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The Red Sox lineup has not had a fun month of June

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Should we be worried?

MLB: Detroit Tigers at Boston Red Sox Bob DeChiara-USA TODAY Sports

One of the most frustrating and difficult parts of being a baseball fan is not giving in to the temptation to react with each and every passing moment. I mean, none of this is terribly consequential so it doesn’t really matter if you react passionately with each result, it’s just that it’s an easy way to drive yourself crazy. Baseball is filled with ebbs and flows, but it’s certainly easier said than done to let the bad moments slide off you. Additionally, while small sample sizes can often be deceiving, there are definitely instances in which they are indicative of a larger trend to watch moving forward. Deciding what is real and what is not is perhaps the most difficult and frustrating part of being a baseball fan.

With that in mind, it’s worth looking at the recent run by the Red Sox, specifically in the month of June. Now, using just the calendar month June is an arbitrary endpoint, but it’s close enough to the start of this rough period for Boston and it’s a lot easier to parse numbers this way. Anyway, Boston has gone 10-8 this month, which is not close to their season-long pace and would qualify as disappointing. However, if this is just a bad stretch and perhaps their worst stretch of the season, one could argue that’s actually pretty good! The real frustration is that the starting pitching has been incredible during this run, but the team is still not winning more consistently because of poor offense.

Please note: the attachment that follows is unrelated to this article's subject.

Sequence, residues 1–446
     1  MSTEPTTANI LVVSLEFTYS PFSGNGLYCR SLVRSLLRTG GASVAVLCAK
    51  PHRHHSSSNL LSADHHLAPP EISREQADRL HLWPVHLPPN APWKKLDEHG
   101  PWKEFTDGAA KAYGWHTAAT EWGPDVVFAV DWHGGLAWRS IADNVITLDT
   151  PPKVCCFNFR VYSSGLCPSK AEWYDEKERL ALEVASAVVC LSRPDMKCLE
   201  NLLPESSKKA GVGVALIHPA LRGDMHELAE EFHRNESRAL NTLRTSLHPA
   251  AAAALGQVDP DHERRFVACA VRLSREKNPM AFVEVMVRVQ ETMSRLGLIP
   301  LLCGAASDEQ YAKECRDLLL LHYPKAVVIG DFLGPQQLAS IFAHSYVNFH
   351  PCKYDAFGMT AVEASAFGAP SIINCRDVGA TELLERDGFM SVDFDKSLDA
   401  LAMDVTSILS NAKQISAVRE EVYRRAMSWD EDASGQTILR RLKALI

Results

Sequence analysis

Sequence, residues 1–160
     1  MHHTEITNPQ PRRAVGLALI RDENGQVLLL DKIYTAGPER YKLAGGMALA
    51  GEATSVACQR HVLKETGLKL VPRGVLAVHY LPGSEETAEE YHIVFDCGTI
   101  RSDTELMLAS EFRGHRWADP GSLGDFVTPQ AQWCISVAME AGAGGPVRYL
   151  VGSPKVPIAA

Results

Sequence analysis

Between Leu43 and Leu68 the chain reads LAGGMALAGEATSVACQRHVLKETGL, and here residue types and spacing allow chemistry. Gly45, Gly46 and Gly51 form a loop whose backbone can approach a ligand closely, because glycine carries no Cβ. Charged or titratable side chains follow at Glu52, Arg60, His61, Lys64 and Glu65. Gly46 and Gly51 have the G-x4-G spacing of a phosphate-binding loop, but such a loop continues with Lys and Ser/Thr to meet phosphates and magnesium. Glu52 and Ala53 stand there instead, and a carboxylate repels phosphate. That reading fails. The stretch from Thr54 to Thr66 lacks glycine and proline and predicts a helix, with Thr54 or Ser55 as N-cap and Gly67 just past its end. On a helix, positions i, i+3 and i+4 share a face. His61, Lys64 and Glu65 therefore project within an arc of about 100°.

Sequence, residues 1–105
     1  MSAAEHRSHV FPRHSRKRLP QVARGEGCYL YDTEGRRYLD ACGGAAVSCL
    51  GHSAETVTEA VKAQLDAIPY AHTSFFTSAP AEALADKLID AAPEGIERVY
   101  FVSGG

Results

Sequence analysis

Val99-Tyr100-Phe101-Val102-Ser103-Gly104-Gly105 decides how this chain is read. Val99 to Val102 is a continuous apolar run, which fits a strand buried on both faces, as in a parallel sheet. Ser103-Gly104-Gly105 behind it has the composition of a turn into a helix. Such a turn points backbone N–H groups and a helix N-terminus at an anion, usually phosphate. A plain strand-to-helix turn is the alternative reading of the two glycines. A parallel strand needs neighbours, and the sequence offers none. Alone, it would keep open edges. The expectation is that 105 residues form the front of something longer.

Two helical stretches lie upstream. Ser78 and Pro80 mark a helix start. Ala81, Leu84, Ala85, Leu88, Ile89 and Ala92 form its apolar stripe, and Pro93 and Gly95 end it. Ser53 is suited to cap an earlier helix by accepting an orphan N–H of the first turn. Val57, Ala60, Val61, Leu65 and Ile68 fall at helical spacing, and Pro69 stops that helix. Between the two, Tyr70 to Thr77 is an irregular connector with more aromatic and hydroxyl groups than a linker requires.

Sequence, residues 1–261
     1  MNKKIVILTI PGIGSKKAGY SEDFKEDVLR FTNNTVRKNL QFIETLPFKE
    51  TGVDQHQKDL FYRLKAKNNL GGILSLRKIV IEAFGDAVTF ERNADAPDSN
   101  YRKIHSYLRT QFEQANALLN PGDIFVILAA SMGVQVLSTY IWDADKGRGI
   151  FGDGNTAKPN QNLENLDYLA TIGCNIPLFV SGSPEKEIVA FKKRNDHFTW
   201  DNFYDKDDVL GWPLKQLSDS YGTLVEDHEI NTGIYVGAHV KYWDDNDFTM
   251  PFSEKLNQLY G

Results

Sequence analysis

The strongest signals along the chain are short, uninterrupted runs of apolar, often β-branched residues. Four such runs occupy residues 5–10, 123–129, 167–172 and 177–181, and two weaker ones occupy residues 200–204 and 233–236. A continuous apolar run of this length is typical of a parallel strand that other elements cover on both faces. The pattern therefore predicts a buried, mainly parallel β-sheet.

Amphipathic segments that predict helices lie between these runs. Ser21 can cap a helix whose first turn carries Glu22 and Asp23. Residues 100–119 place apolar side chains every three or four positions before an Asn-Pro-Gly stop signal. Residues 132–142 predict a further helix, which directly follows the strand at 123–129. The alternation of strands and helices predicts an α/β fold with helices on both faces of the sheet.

MLB: Boston Red Sox at Minnesota Twins Jordan Johnson-USA TODAY Sports

After the lineup had been one of the best in baseball for both of the first two months of the season, the group has taken a major step back in June. Through 18 games this month, they’ve hit for an 89 wRC+, meaning they’ve been roughly 11 percent worse than the league-average hitter. For context, that’s roughly equivalent to Rafael Devers’ season-long wRC+. It also ranks 19th in all of baseball this month. That’s not ideal for a team fighting with one of the game’s best teams in the American League East.

There are two ways to look at the recent performance by the bats. From one point of view, we have the optimistic view. That is, we acknowledge that this is just a small snapshot of the season and a small enough sample that it’s unlikely to be a true representation of the team’s true talent. The lineup has been more than fine for the majority of the season and it makes way more sense to use the larger sample when trying to decide who this group really is. The pessimistic view says that this stretch has exposed some real flaws with the lineup and that these flaws are likely to continue to be exposed, meaning that the recent performance could very well be representative of what we can expect moving forward. The truth, as boring as it may be, is that both sides have some kernel of truth on their side.